She told me that she’s inspired by a certain art movement called “Wiener Werkstätte,” a kind of Viennese workshop. She noted that it has a focus on “organic things shaped in a geometric way,” saying “I try to do it with my own clothes, get like a curvaceous body and shape it with geometric things.” It’s obvious that Teca has a vision. It’s clear through Cisō, and it’s also clear in her studio, even as she continues to finish it. 

Q: Can you tell me more about this sentence? I found it in the about section of your website. “Cisô forges its own path through women’s evolution.” 
A: I think now we are going through a transient moment in history, because we just started to get our freedom, especially with the He for She. My generation started our sex life earlier, and our kids, who are teenagers now, started earlier than us. With the internet, I remember my first computer, there’s so much technology, all the information that we have. I’m 31 years old, so I lived from nothing to everything in the period of 20 years, and it was too short, so that’s why I think we’re in transit, especially with freedom. 

If you can see a lot of Instagram accounts, for example, they’re almost naked ladies with thousands of followers, and so this freedom of exposing yourself all around for the world, this kind of communication, I think we are passing through a women’s evolution, especially the way we think about ourselves, and the way people think about us. Before, everyone wants to get married with a husband, have a life with a family, but now we have women who just wanna do their jobs. For me, for example, I don’t have a dream to have kids. If I do, it’ll be amazing, but it’s not like a wish, I wasn’t born to have kids. This kind of thinking is a huge difference, and the period of time that things change – it’s short. If you look at fashion history, for example, you have decades that it was kinda transitory. Now we’re comparing 2006 to 2016, and it was a huge difference, you can’t figure the fashion in these ten years because everything went back and it was crazy.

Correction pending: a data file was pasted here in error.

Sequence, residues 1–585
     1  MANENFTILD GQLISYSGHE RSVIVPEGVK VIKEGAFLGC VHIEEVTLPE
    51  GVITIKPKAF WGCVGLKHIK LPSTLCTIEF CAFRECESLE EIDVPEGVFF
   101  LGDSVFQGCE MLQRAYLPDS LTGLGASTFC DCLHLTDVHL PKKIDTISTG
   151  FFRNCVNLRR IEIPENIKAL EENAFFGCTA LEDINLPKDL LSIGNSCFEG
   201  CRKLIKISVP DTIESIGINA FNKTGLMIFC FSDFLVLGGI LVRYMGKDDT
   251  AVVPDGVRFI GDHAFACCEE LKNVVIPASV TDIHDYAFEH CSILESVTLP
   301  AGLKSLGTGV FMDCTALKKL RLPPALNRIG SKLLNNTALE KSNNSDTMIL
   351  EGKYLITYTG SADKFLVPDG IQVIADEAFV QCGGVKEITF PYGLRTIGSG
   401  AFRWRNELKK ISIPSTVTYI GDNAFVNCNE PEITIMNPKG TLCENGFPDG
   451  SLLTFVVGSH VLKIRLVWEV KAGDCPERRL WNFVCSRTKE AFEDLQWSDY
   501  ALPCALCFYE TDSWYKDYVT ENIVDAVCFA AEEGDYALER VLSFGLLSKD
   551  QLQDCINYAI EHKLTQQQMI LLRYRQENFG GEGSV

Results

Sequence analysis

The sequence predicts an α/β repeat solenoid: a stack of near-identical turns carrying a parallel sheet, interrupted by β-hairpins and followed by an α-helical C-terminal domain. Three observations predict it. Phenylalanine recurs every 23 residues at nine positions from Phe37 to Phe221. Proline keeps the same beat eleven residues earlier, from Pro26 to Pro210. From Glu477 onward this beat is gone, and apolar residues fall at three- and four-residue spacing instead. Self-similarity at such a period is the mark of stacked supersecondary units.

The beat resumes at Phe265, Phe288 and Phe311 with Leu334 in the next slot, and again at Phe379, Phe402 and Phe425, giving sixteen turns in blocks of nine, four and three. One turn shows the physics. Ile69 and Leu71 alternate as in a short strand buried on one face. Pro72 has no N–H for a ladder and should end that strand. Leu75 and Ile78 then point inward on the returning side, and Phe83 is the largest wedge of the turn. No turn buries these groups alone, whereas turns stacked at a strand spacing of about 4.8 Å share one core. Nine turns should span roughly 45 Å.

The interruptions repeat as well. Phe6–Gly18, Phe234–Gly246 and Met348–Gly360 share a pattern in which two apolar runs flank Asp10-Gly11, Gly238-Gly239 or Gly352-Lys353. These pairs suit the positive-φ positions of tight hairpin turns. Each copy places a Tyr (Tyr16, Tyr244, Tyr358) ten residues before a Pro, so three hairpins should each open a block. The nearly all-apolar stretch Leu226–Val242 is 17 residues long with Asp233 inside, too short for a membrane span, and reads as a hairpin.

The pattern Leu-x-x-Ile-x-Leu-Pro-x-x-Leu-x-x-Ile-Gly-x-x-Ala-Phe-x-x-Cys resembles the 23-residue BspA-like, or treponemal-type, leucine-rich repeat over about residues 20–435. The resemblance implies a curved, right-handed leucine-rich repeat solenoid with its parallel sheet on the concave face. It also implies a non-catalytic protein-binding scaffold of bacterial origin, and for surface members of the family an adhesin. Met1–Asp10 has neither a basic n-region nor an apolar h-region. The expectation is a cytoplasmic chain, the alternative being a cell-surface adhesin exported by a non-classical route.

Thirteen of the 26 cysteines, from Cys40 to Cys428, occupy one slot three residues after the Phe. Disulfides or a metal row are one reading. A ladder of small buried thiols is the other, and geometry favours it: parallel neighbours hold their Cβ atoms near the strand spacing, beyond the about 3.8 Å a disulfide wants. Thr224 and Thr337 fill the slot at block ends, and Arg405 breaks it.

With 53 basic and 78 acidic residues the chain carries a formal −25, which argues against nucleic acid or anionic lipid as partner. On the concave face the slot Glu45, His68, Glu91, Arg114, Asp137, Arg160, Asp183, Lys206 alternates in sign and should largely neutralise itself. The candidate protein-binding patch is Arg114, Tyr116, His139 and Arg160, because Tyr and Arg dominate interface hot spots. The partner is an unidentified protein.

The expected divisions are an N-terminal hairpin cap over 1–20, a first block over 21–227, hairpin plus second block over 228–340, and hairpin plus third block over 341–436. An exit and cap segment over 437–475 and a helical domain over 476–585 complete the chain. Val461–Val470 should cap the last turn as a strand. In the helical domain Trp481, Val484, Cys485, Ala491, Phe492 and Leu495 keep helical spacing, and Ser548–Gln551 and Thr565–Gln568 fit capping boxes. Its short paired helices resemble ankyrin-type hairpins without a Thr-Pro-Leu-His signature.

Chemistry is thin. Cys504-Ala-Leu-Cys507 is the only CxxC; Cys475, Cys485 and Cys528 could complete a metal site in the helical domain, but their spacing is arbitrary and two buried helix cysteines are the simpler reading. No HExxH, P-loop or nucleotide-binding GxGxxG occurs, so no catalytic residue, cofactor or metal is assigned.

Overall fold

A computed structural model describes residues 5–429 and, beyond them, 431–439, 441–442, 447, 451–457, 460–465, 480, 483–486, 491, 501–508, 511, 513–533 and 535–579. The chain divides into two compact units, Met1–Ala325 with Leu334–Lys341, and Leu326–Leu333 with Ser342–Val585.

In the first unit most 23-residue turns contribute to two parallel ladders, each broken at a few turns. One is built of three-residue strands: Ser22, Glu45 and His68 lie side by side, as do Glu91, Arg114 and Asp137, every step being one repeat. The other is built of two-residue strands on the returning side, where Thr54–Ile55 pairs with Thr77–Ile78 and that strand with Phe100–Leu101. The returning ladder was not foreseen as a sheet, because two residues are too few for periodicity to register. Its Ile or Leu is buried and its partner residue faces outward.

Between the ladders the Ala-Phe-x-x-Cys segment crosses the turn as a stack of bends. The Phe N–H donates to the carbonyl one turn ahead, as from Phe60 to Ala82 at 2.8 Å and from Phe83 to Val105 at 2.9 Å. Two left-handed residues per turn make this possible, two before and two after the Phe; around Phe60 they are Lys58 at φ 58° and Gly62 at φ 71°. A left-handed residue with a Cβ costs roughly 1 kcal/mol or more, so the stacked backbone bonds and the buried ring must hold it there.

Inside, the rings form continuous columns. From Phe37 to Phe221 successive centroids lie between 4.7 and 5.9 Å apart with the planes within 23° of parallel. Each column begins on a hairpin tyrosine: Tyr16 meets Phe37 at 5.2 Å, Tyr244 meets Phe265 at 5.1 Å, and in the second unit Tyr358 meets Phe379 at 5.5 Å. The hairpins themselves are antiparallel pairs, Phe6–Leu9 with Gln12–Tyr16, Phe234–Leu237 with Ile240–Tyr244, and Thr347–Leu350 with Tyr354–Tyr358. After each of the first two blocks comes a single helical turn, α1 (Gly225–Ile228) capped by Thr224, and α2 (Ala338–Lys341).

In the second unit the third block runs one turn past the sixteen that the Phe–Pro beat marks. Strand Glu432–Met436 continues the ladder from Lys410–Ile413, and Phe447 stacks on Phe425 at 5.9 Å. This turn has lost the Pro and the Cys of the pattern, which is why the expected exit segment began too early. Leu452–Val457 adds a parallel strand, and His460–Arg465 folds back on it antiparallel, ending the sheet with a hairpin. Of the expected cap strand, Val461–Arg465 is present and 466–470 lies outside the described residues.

When I was a teenager, you have like the hickeys, the punts, the clubbers… Different styles of kind of groups. Now, everyone is unique. It’s not nice for you to be just like everyone else, you have to be yourself. That’s another huge difference that I think happened in a short period of time. So, when I say “Cisō forges its own path through women’s evolution,” I have this feeling of looking around. You’ll see me quiet somewhere, looking around, trying to figure it out. I like to go to a new place, sit in a café, and watch people walk around on the streets, figure out their style, questions, what they are used to doing in their daily life, and this is something that I always like about myself, and I try to put that in my designs.

Q: Going off that, some people view lingerie as something risqué, a way women allow people to objectify themselves. What are your thoughts on that? 
A: I think everyone has their own thoughts, and it is hard to say anything. I think people… it’s changing, the way they think about it, but I, for example:

I just did a naked editorial, a friend of mine took photos of me, and I think I have my life before it and my life after it. It is nice because it was for a magazine, and I was just launching Cisō in 2013 and they wanted a photoshoot and I said, “Ok, let’s do it.” I’ve never been on the other side of the camera. I’m not a model, and it was really strange, first of all, because when I saw the pictures, I said, “Wow, I didn’t know I had this body!” You know? Because you’re not used to it.